Fear of childbirth; the relation to anxiety and depression.

Health Services Research Centre, Akershus University Hospital, Lørenskog, Norway.
Acta Obstetricia Et Gynecologica Scandinavica (Impact Factor: 1.85). 11/2011; 91(2):237-42. DOI: 10.1111/j.1600-0412.2011.01323.x
Source: PubMed

ABSTRACT To study the associations of anxiety and depression with fear of childbirth.
A cross-sectional questionnaire study.
Prenatal public healthcare in Norway.
Pregnant women (n=1642) recruited during November 2008 until April 2010.
Data were collected by a postal questionnaire at pregnancy week 32. Fear of childbirth was measured by the Wijma Delivery Expectancy Questionnaire (W-DEQ) and by a numeric rating scale. Symptoms of anxiety were measured by the Hopkins Symptom Check List (SCL-25) and symptoms of depression by the Edinburgh Postnatal Depression Scale (EPDS).
Fear of childbirth.
Eight per cent (137 of 1642) of the women had fear of childbirth (W-DEQ≥85), 8.8% (145 of 1642) had anxiety (SCL-anxiety≥18) and 8.9% (146 of 1642) had depression (EPDS≥12). More than half (56.2%) of the women with fear of childbirth did not have anxiety or depression; however, presence of anxiety or depression increased the prevalence of fear of childbirth (odds ratio 2.4, 95% confidence interval 1.1-5.2 and odds ratio 8.4, 95% confidence interval 4.8-14.7, respectively). Women with both anxiety and depression had the highest prevalence of fear of childbirth (odds ratio 11.0, 95% confidence interval 6.6-18.3). Similar associations of anxiety and depression were estimated by using the numerical rating scale for measuring fear of childbirth.
Presence of anxiety and depression increased the prevalence of fear of childbirth; however, the majority of women with fear of childbirth had neither anxiety nor depression.

1 Bookmark
  • Source
    [Show abstract] [Hide abstract]
    ABSTRACT: Considering that vaginal delivery is a painful process, the present study investigated the effects of Citrus aurantium on the severity of first-stage labor pain in primiparous women. This study was a randomized clinical trial conducted with 126 eligible primiparous patients. The pain severity of patients was measured at the time of enrolling in the study. In the intervention group, (aromatherapy) gauze squares were soaked in 4 ml of C. aurantium distillated water, and in the control group, gauze squares were soaked in 4 ml of normal saline; each gauze square was attached to the respective patients' collar. The intervention was repeated every 30 min. Pain severity was measured after the intervention at 3–4, 5–7, and 8–10 cm cervix dilatations. The two groups were standardized with regard to age, profession, education, desire to conceive, and number and severity of uterine contractions. The Bishop's score was also calculated. Before intervention, pain severity was the same for both groups, but following intervention, pain severity reduced in the intervention group at 3–4 centimeter (P < 0.05), 7–5 centimeter (P < 0.05), and 8–10 centimeter (P < 0.05) dilatations compared with that in the control group. The findings of the study revealed that aromatherapy using C. aurantium distillated water alleviates labor pain. This method is recommended because of its ease of use and low cost and because it is a non-aggressive method to reduce labor pain.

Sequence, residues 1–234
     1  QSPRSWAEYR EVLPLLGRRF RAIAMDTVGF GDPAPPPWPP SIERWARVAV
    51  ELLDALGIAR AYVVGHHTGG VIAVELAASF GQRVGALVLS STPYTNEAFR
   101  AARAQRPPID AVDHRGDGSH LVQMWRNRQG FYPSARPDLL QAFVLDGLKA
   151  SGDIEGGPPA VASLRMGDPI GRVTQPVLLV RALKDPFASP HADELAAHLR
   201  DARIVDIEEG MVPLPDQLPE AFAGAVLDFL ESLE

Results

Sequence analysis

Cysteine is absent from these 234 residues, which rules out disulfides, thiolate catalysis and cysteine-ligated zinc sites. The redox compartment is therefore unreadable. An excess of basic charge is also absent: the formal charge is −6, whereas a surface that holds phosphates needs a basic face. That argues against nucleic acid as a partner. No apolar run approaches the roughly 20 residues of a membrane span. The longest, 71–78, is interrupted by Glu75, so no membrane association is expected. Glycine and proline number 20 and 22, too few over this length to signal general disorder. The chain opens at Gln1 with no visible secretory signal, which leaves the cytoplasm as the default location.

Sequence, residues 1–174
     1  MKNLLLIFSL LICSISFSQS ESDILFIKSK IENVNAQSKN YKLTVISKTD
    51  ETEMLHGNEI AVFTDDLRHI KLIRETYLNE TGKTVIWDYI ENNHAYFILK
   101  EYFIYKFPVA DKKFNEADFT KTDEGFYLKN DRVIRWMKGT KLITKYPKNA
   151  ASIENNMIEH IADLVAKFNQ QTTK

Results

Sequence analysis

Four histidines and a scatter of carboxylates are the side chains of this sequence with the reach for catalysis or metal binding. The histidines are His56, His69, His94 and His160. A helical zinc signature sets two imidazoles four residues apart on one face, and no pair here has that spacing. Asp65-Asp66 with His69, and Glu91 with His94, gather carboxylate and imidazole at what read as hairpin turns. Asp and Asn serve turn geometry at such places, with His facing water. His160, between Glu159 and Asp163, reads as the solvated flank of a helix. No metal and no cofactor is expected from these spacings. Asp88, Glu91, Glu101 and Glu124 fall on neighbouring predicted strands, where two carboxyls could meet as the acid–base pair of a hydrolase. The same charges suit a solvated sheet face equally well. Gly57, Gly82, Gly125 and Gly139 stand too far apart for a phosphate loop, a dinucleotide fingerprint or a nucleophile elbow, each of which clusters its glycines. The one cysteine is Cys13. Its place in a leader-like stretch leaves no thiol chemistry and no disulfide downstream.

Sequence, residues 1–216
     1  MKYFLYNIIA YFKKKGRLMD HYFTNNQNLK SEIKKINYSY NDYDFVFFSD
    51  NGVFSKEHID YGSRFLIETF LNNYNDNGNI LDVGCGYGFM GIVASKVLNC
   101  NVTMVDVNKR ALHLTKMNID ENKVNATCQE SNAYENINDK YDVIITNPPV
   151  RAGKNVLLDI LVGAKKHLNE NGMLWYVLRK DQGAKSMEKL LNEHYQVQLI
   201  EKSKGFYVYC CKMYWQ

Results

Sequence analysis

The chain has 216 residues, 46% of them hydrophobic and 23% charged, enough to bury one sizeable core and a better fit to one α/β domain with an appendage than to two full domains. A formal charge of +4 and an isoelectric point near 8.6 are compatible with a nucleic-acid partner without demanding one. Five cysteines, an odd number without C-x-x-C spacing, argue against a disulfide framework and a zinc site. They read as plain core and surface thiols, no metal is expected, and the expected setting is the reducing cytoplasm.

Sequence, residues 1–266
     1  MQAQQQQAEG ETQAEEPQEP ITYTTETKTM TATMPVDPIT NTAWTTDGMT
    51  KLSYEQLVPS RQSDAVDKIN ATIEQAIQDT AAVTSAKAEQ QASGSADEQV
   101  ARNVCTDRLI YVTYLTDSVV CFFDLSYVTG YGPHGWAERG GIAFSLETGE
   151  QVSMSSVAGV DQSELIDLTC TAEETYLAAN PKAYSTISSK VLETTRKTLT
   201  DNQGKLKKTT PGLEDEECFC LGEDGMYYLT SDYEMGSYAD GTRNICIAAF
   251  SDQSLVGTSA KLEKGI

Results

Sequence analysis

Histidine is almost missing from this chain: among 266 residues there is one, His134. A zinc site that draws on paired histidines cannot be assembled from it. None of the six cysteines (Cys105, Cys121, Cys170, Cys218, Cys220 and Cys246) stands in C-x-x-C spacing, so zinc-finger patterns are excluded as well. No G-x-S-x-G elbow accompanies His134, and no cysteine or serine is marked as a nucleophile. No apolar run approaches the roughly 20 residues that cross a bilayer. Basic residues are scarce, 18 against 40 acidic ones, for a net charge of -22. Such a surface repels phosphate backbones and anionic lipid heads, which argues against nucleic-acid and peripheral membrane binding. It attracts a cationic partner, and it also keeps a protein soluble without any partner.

ranian Journal of Pharmaceutical Research. 01/2014; 13(3):1011-1018.
  • Source
    [Show abstract] [Hide abstract]
    ABSTRACT: Background Childbirth fear is associated with increased obstetric interventions and poor emotional and psychological health for women. The purpose of this study is to test an antenatal psycho-education intervention by midwives in reducing women's childbirth fear.Methods Women (n = 1,410) attending three hospitals in South East Queensland, Australia, were recruited into the BELIEF trial. Participants reporting high fear were randomly allocated to intervention (n = 170) or control (n = 169) groups. All women received a decision-aid booklet on childbirth choices. The telephone counseling intervention was offered at 24 and 34 weeks of pregnancy. The control group received usual care offered by public maternity services. Primary outcome was reduction in childbirth fear (WDEQ-A) from second trimester to 36 weeks’ gestation. Secondary outcomes were improved childbirth self-efficacy, and reduced decisional conflict and depressive symptoms. Demographic, obstetric & psychometric measures were administered at recruitment, and 36 weeks of pregnancy.ResultsThere were significant differences between groups on postintervention scores for fear of birth (p < 0.001) and childbirth self-efficacy (p = 0.002). Decisional conflict and depressive symptoms reduced but were not significant.Conclusion Psycho-education by trained midwives was effective in reducing high childbirth fear levels and increasing childbirth confidence in pregnant women. Improving antenatal emotional well-being may have wider positive social and maternity care implications for optimal childbirth experiences.
    Birth 10/2014; · 2.93 Impact Factor
  • Source
    [Show abstract] [Hide abstract]
    ABSTRACT: Childbirth fear is reported to affect around 20% of women. However reporting on levels of symptom severity vary. Unlike Scandinavian countries, there has been limited focus on childbirth fear in Australia. The aim of this paper is to determine the prevalence of low, moderate, high and severe levels of childbirth fear in a large representative sample of pregnant women drawn from a large randomised controlled trial and identify demographic and obstetric characteristics associated with childbirth fear.
    BMC Pregnancy and Childbirth 08/2014; 14(1):275. · 2.52 Impact Factor


Available from
Jun 2, 2014